Welcome to the Scripting Guys’ First Blog

Posted by Greg Stemp. Welcome to the Scripting Guys’ first blog. You might very well be saying to yourself, “Why a blog? Shouldn’t you guys be doing something else with your time … like, say, releasing that Active Directory browser?” Well, probably. But the blog seemed like an interesting diversion, and for at least two reasons. First, blogs are hip, they’re cool, they’re in, and we Scripting Guys desperately want to be seen as being hip, cool, and in ourselves. Why else would we have started to wear our baseball hats backwards, to listen hip-hop music, and to ride skateboards to work? Why else would I say, “Yo, dawg” at every opportunity? (Well, OK, I do that less in an attempt to be cool than an attempt to embarrass my 14-year-old son whenever possible. But the point is, if there’s a bandwagon, you can expect the Scripting Guys to jump on it.)


Perhaps more important, though, we also saw the blog both as intriguing venue for communicating with the scripting community and as an outlet for sharing information that just didn’t make sense as a Webcast or article. For example, from time-to-time people write to us and ask things like, “How come all the scripts in the Script Center are written in VBScript?” or “Can you guys recommend a good book on database scripting?” Because the same questions pop up over and over, we thought it would be useful to have our answers written down and available to anyone who might be interested. Now, that’s fine, but it still doesn’t answer the question: why a blog, why not just an FAQ? Well, to tell you the truth, while we often have an answer to a question, we might not always have the answer to the question. Can we recommend a book on database scripting? Probably, but there are just as likely to be 100 other books on database scripting that we never even heard of. With the Script Center, and with a typical FAQ, there’s no mechanism for the scripting world to augment, correct, or otherwise respond to things that we say. With a blog, though, we can recommend a book on database scripting, and then the rest of the scripting community can chime in, telling us why our recommendation is a poor one, telling us about other books we overlooked, or maybe even saying they agree with us. (Ok, that last one is unlikely but, hey, we can dream, right?)


As for what we intend to accomplish with this blog, well, to tell you the truth, we have no set agenda; we’re just along for the ride ourselves. We decided to start off by addressing some of those frequently asked questions, sometimes to provide an answer, other times just to kick off a dialog. From time-to-time we’ll likely talk about what it means to write a script or to manage systems using scripts. We might ponder the future of scripting, we will definitely include plenty of tips and tricks (coming soon: how you can determine which scripts are running on a computer), and sometimes we’ll probably just jabber away about nothing. But that’s what blogs are for, right?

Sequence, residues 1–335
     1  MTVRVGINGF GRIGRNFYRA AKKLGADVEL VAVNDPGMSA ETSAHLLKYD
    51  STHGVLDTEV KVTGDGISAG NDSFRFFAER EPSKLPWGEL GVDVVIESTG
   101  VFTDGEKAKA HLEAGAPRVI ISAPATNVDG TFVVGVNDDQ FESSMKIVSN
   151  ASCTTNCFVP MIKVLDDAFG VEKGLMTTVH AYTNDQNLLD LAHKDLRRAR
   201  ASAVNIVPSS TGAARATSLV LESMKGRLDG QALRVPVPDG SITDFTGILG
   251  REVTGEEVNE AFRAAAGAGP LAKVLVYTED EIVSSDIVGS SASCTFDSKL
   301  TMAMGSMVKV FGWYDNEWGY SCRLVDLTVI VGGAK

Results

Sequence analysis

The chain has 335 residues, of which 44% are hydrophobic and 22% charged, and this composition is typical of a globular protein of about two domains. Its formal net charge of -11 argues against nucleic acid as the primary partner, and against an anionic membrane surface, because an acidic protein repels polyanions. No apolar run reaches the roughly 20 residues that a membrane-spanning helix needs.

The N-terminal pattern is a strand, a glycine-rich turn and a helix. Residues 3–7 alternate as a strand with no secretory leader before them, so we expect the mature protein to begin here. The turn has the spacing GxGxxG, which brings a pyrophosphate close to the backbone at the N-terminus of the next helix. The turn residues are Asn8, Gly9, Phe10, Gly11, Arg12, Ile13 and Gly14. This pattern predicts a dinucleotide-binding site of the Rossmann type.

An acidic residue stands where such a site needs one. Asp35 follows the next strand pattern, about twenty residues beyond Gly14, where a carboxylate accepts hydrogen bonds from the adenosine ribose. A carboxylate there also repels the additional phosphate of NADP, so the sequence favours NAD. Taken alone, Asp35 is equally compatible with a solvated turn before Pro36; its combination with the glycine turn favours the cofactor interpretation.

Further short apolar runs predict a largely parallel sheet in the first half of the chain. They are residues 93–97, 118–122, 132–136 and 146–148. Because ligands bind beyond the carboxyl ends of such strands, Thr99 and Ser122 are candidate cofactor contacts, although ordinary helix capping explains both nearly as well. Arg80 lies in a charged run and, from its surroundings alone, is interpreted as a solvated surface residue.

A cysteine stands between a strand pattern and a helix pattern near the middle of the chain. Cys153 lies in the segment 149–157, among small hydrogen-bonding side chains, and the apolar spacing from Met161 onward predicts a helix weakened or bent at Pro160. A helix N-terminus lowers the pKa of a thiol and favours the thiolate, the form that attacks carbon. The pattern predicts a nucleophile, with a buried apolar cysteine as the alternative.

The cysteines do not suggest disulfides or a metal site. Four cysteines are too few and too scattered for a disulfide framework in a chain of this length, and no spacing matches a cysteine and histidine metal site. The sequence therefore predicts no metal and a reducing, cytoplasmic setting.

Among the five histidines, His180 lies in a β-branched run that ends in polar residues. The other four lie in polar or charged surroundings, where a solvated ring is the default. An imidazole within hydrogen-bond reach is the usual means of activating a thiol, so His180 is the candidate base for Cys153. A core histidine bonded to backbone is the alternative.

At any rate, we encourage you guys to contribute to this effort, either by commenting directly on the postings, or by emailing us at scripter@microsoft.com and letting us know what topics you’d like to see us address here. That doesn’t necessarily mean we’ll address them, but, hey, you can dream, too, right? (Ok, it's not much of a dream, but, still ....)


Comments (8)

  1. CC says:

    Nice to see you … I’ll start you off with an easy one …

    Why can’t I use the scripting host to have a CreateObject equivalent for managed objects WITHOUT having a CCW around my managed class ?

    See told you it was an easy one 🙂

  2. Greg Stemp says:

    Well, if I understand your question (and I’m definitely NOT a program) there’s no reason you can’t do this except for one: we haven’t extended WSH in a way that lets you do this? WILL we ever extend WSH in such a fashion? Posisble, but I wouldn’t count on it. Most likely you’ll have to wait for the next version of Windows, when there will be a scripting solution that allows you to get to .NET.

  3. CC says:

    🙁 Thanks for the feedback though, guess I’ll have to wait for Lua.Net instead 🙂

  4. JesseH says:

    Uh Oh!!! & Awesome.

    I’ve always dreamed of a direct pipe to the melons’ of the scripting guys and it looks like I now have that!

    I may as well throw this link out. This is the FASTEST way on earth to query WMI.


    Enjoy and take care,


  5. sierrachow says:

    Hi there,

    I had assumed that you guys had retired on the proceeds from your “Dinky” TweakOmatic?

    Keep blogging ………………

  6. CC says:

    In response to myself a few posts back, there is a rather cool blog at http://weblogs.asp.net/rosherove/articles/DotNetScripting.aspx which explains how to use Managed Objects in the scripting host. Except there ain’t much to explain, it just works which is COOL 🙂

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